In what has become a tragic annual ritual during the summer (June-September) monsoons, rains and overflowing rivers have killed at least 400 people and left more than 4 million homeless in the Indian states of Gujarat, Maharashtra, Andhra Pradesh, Orissa and Madhya Pradesh over the past two and a half weeks. The lives of as many as 15 million people have been disrupted by the flooding.
Far from being the result of natural causes, there is considerable evidence that the floods are a direct result of the gross mismanagement of dams in Central and Western India. Instead of releasing water in a timely and systematic manner prior to the onset of the monsoons, the authorities have been charged by knowledgeable Non-Governmental Organisations (NGOs) with letting a large number of dams fill up beyond prudent levels, then releasing massive amounts of water within a short period and without warning, causing massive floods that submerge thousands of villages and towns located downstream.
The floods have destroyed animals, standing crops, irrigation systems, canals and farmland, bringing unimaginable misery to millions of people. The death toll is sure to rise as many more bodies will no doubt be discovered after the floodwaters recede.
Though the army was mobilised by the Indian government to provide aid, the evacuation and rescue effort were haphazard and have done little to relieve the immense social suffering.
Surat, the second largest city in the western state of Gujarat and the “diamond capital” of India, was largely submerged and cut off from the rest of state for several days beginning August 8. After the Tapi River overflowed, hundreds of thousands of the people were trapped on higher ground and rooftops without electricity, water, food or telephone connections.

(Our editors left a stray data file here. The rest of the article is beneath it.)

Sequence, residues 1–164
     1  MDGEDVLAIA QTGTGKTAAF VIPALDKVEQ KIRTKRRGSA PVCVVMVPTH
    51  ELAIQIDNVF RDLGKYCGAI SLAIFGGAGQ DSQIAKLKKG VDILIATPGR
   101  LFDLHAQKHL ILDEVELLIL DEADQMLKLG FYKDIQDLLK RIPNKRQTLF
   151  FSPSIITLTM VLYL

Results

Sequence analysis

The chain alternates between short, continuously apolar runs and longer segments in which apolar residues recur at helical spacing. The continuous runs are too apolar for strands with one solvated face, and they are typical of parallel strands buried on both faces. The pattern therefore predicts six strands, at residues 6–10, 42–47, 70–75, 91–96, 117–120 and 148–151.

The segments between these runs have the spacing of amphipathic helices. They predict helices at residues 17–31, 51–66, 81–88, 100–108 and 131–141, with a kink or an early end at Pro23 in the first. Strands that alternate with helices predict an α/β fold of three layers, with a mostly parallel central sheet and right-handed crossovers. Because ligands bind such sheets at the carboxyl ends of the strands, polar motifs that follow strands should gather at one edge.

A densely populated city of 4 million people, Surat came to international attention in 1994 when dozens of people were killed by pneumonic and bubonic plague, in an outbreak linked to the conditions of filth and squalor for which the city was infamous.
At the height of the flooding, 60 percent of Surat was for several days under standing water measuring from 4 to 20 feet. The telephone system was shut down, and all emergency services were paralyzed, with many police stations submerged.
Both Gujarat’s Bharatiya Janata Party (BJP) state government and the Surat Municipal Corporation (SMC) proved utterly unable to provide even minimal relief, leaving tens of thousands without with food and water. Indeed, press reports suggest both the city and state administration were completely paralyzed, with several high officials breaking down in tears.
The response of the Gujarat government boiled down to telling the already wet and hungry residents of Surat that they should seek higher ground!
So great was the anger and misery in Surat, when the state Chief Minister and senior BJP leader Narendra Modi went around in a boat on an “inspection” tour of the city, angry citizens heckled, hooted and threw curses at him for his government’s failure to provide them with any help.